President Biden has repeatedly blamed Russia and greedy oil companies for record high energy and gas prices, but a check of those in the energy industry shows most blame Biden himself. A new survey of oil and gas firms from the Federal Reserve Bank of Dallas finds federal government regulation is a key culprit in the current market uncertainty. One executive in the survey put a finer point on it, saying the "current administration has declared war on fossil fuels."
Besides blaming Russia and price-gouging, the administration's only solutions to high gas prices so far have been band-aid measures like releasing oil from the Strategic Petroleum Reserve or pushing Congress for a federal gas tax holiday. Recently, the White House went a step further and opened up limited federal lands for oil and gas leases. But industry analysts already see this as election-year window dressing. "This may create a short-term ramp up in supply that might have some effect on bringing prices down, but largely for political benefit," says Karr Ingham, Texas petroleum economist.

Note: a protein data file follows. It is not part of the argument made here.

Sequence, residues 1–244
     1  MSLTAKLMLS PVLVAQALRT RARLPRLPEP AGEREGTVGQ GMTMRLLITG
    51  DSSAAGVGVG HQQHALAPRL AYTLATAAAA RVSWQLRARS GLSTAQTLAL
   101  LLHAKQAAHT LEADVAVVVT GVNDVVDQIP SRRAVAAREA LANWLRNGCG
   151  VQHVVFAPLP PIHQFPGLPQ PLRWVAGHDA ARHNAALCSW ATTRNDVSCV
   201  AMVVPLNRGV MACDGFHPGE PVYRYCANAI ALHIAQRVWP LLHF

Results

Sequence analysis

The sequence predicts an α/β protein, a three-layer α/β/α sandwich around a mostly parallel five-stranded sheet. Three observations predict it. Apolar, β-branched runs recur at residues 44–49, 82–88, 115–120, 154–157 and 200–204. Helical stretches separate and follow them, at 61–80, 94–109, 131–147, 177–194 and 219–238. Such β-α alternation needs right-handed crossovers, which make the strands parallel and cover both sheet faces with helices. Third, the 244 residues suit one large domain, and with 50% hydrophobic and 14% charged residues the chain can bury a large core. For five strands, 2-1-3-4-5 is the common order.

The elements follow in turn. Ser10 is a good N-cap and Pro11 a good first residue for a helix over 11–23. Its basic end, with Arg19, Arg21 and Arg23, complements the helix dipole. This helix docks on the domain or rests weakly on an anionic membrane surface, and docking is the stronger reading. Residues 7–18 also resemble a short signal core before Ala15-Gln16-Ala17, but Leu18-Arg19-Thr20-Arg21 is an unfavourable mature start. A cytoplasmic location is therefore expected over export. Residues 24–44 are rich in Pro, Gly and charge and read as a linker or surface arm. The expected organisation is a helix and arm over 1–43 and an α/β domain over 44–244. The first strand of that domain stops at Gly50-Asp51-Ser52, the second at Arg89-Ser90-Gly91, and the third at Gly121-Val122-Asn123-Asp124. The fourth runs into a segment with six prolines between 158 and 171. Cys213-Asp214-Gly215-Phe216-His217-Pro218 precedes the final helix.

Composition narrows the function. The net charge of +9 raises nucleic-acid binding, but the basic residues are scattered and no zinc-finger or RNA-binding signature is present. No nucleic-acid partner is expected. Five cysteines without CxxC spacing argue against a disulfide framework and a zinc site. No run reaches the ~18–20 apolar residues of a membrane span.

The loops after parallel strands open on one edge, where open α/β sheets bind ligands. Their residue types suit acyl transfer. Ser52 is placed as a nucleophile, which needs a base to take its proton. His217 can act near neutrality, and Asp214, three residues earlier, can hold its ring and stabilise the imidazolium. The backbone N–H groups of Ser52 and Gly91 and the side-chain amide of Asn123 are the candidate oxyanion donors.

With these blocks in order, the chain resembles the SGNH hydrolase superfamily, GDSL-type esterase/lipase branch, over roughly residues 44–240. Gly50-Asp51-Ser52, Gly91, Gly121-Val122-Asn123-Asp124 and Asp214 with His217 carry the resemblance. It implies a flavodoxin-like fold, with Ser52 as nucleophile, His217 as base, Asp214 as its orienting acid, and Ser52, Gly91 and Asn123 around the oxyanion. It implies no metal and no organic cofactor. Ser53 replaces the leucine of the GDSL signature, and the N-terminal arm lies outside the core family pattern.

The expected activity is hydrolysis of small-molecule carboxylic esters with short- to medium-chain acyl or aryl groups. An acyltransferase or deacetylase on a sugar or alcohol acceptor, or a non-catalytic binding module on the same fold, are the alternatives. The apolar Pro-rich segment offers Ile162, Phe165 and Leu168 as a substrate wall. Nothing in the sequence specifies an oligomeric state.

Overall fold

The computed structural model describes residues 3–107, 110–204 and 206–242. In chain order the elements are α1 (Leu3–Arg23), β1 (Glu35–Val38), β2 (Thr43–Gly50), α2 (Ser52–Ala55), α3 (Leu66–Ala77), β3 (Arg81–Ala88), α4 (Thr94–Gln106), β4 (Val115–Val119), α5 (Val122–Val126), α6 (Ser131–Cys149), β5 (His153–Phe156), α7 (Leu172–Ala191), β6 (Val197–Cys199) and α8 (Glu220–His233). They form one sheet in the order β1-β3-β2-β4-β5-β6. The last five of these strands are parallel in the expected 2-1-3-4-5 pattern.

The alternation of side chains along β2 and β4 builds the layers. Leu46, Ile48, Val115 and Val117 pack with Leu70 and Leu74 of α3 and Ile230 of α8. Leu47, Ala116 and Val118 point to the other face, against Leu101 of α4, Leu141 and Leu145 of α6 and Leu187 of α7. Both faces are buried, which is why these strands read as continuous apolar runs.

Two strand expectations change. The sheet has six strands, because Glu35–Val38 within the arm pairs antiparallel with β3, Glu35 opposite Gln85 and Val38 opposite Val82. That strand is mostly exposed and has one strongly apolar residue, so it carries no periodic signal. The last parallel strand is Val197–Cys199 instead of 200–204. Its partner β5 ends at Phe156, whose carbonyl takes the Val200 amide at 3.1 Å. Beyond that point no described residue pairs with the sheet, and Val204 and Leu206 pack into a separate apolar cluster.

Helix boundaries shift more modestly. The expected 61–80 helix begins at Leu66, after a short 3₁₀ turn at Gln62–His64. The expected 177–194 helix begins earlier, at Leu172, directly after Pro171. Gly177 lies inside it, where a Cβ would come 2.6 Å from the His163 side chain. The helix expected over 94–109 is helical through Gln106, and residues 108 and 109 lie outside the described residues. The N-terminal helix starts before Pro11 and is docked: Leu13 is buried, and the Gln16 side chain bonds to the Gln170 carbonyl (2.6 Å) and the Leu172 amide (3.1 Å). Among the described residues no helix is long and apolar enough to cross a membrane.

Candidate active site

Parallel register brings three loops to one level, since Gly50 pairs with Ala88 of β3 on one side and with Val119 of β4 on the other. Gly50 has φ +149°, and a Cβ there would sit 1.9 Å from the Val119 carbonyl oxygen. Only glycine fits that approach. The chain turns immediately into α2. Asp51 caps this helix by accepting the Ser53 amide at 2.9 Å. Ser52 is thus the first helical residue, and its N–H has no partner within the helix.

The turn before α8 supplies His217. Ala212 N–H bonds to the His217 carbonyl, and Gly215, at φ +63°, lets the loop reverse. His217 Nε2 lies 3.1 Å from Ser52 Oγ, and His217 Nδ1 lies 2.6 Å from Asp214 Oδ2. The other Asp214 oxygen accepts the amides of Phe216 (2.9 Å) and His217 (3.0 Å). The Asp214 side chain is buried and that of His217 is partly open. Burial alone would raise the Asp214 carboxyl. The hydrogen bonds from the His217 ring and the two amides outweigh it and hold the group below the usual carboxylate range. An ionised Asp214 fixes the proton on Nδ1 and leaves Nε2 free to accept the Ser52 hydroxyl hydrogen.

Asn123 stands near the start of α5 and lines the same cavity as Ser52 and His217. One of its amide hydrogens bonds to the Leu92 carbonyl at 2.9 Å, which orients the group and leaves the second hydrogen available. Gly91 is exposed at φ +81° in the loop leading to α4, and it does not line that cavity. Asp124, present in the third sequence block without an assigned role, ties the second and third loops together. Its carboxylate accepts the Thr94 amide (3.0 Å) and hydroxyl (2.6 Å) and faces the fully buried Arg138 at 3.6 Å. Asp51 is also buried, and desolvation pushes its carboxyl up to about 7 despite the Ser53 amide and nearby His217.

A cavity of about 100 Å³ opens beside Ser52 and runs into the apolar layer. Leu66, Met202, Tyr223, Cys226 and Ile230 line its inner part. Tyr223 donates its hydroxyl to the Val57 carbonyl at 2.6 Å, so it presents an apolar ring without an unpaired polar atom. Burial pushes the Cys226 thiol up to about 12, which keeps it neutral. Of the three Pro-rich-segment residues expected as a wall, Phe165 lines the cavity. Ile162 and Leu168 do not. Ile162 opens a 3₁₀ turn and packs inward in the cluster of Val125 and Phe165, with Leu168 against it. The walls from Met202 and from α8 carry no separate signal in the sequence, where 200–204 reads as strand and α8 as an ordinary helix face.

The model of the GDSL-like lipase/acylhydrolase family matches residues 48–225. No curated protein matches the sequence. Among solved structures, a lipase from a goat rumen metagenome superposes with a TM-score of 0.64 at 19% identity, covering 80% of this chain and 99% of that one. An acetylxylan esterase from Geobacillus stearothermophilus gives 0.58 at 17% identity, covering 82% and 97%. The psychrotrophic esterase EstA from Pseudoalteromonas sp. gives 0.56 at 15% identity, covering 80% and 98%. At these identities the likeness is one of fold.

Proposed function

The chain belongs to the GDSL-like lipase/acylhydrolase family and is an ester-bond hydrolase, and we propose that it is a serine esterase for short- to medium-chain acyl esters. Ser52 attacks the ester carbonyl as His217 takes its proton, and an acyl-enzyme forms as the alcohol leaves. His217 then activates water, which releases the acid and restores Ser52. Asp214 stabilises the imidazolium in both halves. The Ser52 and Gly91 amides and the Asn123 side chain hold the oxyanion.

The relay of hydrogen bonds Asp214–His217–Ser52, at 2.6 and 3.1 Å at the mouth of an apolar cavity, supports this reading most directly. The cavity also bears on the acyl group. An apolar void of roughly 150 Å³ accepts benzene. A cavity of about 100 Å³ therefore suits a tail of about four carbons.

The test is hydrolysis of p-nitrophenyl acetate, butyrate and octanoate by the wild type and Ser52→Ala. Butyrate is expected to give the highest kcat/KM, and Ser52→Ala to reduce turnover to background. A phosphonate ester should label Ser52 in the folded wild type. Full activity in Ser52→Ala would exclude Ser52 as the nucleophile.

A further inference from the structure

Ingham tells KTRH the oil and gas industry is generally frustrated with what is happening in Washington, D.C. "There is a great sense (among producers) that their own government, in terms of the administration and the Democrat Congress, is against every move they make in the name of climate change," he says.
One encouraging sign for the industry is the recent U.S. Supreme Court's ruling that reins in the power of the Environmental Protection Agency (EPA) to regulate greenhouse gases. "Over the years, the EPA has gone far afield of any previously passed law, and is just putting regulations in place that match up with their extreme climate change agenda," says Ingham. "So this (ruling) has extraordinary implications."
Ultimately, Ingham believes the solution to production and price issues is right in front of us (and below us). "We need a long-term policy that turns Texas and American oil and gas producers loose to do what they do best," he says. "And that is generate an abundant supply of domestically produced crude oil and natural gas."